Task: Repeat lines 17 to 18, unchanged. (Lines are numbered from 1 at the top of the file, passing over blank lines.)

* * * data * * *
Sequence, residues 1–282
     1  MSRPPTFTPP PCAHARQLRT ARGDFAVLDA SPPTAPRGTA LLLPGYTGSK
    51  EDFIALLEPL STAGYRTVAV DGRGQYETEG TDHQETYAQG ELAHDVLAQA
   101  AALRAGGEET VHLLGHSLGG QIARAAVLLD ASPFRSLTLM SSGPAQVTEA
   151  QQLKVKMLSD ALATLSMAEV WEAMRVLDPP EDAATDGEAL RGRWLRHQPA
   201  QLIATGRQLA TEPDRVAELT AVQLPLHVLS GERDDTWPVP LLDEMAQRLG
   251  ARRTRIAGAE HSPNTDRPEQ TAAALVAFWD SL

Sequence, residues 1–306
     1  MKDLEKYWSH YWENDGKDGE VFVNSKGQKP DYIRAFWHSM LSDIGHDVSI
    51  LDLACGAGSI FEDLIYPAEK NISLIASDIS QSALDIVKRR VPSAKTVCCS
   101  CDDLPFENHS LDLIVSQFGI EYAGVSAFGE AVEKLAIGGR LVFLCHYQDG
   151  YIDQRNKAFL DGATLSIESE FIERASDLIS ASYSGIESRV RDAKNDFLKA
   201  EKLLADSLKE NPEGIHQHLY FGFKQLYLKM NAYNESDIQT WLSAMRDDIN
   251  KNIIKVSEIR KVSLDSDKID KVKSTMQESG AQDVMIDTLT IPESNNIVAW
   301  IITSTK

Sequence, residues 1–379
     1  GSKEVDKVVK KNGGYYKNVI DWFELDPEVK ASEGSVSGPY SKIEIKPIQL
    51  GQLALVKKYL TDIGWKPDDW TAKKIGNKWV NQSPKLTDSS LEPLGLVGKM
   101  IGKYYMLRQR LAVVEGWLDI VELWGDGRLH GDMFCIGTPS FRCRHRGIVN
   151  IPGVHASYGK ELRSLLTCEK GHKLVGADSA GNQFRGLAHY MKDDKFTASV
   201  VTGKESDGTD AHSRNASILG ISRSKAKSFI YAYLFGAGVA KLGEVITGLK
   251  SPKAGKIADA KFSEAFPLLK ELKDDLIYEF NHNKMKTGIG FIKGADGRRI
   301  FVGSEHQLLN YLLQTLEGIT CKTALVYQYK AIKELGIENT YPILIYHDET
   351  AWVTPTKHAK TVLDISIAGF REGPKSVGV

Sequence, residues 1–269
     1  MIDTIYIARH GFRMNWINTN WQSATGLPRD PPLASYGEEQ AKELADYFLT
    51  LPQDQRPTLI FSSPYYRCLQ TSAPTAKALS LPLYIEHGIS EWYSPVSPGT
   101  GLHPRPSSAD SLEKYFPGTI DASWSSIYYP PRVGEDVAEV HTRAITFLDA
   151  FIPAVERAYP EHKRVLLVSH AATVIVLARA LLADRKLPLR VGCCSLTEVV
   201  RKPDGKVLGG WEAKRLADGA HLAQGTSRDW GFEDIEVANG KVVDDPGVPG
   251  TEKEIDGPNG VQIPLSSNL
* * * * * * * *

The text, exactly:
     1  GSKEVDKVVK KNGGYYKNVI DWFELDPEVK ASEGSVSGPY SKIEIKPIQL
    51  GQLALVKKYL TDIGWKPDDW TAKKIGNKWV NQSPKLTDSS LEPLGLVGKM